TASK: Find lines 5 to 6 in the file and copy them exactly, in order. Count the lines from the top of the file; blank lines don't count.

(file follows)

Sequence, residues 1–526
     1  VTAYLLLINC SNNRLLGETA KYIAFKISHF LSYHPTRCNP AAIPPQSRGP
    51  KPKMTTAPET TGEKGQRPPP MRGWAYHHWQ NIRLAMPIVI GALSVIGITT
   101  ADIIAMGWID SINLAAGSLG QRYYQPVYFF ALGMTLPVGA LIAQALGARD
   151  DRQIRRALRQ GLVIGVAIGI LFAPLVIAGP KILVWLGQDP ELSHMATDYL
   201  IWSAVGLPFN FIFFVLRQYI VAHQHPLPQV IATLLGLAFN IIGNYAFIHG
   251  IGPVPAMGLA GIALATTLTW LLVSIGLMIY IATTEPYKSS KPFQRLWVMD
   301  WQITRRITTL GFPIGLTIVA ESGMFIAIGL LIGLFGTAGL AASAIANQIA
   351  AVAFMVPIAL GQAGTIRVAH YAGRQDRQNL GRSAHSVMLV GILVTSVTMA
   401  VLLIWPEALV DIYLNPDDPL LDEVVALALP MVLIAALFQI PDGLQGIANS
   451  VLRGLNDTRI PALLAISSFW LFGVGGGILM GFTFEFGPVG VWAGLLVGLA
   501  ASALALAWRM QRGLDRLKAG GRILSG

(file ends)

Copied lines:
   151  DRQIRRALRQ GLVIGVAIGI LFAPLVIAGP KILVWLGQDP ELSHMATDYL
   201  IWSAVGLPFN FIFFVLRQYI VAHQHPLPQV IATLLGLAFN IIGNYAFIHG